3 Jan 2009

Deleuze, One Manifesto Less (Un manifeste de moins), §4 "The Theater and Its Gestures" (Le théâtre et ses gestes)

by Corry Shores
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[The following is summary; my commentary is in brackets.]

IV. Le théâtre et ses gestes

The Theater and Its Gestures

Bene disrupts the motion of the characters’ bodies, but never does that cause them to interfere with each other. Often Richard slips. But this is merely a continuous variation of his body, and not a conflict with the things around him. So his continual removing and wearing his cloak is a “variation of clothing” (111b-112a/214b.c), and the flowers vary as well. But their variations never interfere with each other’s liberty to vary, so they do not create oppositional power relations [for video of these examples, see the Richard entries.]

Likewise in S.A.D.E., the sadistic master tries to force the naked girl to metamorphose through a series of use-objectifications. But she escapes his control by expressing her gestures through an independent series of modifications. [This example left a potent impression on Deleuze. He writes, “Hommage à l’actrice qui joua à Paris.” “Hat’s off to the actress who played the part in Paris!” (113a/214d).] So although Bene’s theatre is “cruel” and “tough,” it does not create oppositional force-relations.

the relations of force and opposition belong to that which is shown only for the purpose of being subtracted, cut away, neutralized.


les rapports de force et d’opposition font partie de ce qui n’est montré que pour être soustrait, retranché, neutralisé.


Any conflicts Bene does employ are merely media for variations that eliminate “masters.” (113b/215a)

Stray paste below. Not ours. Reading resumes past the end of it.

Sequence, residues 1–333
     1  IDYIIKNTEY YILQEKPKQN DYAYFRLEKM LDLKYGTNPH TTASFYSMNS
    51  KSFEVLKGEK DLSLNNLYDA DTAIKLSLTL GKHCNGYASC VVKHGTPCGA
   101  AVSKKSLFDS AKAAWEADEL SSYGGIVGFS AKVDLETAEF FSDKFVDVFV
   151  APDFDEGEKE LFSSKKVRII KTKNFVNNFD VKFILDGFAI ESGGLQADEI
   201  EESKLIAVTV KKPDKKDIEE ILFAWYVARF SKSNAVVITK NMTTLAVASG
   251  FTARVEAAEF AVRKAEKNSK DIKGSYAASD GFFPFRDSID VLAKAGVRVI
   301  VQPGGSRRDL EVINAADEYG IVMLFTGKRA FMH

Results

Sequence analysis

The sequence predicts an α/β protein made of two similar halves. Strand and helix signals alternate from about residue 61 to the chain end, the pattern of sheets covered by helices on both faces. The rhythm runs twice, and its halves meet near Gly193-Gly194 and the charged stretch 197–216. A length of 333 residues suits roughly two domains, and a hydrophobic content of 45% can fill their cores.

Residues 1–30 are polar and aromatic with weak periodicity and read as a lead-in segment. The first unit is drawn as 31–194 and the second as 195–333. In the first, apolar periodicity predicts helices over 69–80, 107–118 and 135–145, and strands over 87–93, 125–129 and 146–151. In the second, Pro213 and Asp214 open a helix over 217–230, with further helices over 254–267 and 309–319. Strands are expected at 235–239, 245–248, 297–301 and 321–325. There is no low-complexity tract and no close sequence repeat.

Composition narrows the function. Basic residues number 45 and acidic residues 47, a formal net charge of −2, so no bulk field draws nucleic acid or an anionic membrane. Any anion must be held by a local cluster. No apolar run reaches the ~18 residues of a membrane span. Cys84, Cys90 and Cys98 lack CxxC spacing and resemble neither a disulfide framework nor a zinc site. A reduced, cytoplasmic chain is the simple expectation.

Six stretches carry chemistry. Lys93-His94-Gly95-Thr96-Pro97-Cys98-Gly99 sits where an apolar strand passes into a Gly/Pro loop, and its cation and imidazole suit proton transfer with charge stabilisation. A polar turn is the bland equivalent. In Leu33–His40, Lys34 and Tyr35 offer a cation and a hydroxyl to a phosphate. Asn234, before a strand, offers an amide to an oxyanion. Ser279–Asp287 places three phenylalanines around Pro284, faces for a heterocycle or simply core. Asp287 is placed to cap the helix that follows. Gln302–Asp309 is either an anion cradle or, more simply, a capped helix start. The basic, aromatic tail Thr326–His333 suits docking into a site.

[The following paragraph in Deleuze’s text runs from the middle of page 113 to the beginning of 115 in the French, and it is the complete paragraph on page 215 in the English translation. This is one of the most critical parts in all of Deleuze's writing, so we will proceed with patient care.]

In variation, what count are relations of speed or slowness, the modifications of these relations insofar as they involve gestures and statements, following variable coefficients along a line of transformation.


Dans la variation, ce qui compte, ce sont les rapports de vitesse ou de lenteur, les modifications de ces rapports, en tant qu’ils entraînent les gestes et les énoncés, suivant des coefficients variables, le long d’une ligne de transformation.


[Differential coefficients are derivatives, here in the context of physics. For an explanation of instantaneous velocity and derivation, see this entry that carefully follows a profoundly illuminating explanation by MIT’s David Jerison.

So here we must recall Deleuze’s concept of Spinoza’s “instantaneous affections” and the way they relate to Bergson’s duration. In Cours Vincennes 20/01/1981, Deleuze explains that we undergo continuous affection, but it is a continuum of differential coefficients. So there are no atomic units of time, rather just pure instants. Between these instants there is no time, but we still experience a passage between them, as Bergson describes in §45 and §46 of Time and Free Will. So here Deleuze is defining continuous variation. It is not made up of atoms, but it does have simple parts, which are differentials. Such parts are relations without terms, which is why they are not atomic. (For a thorough explanation, see Deleuze’s Cours Vincennes: 17/02/1981.) They instead are tendings. They are the tendencies of forces, the way they tend at any moment, the direction they intend to go if released from all future obstructions. The are intensities. And because they are real, they are virtualities and not possibilities.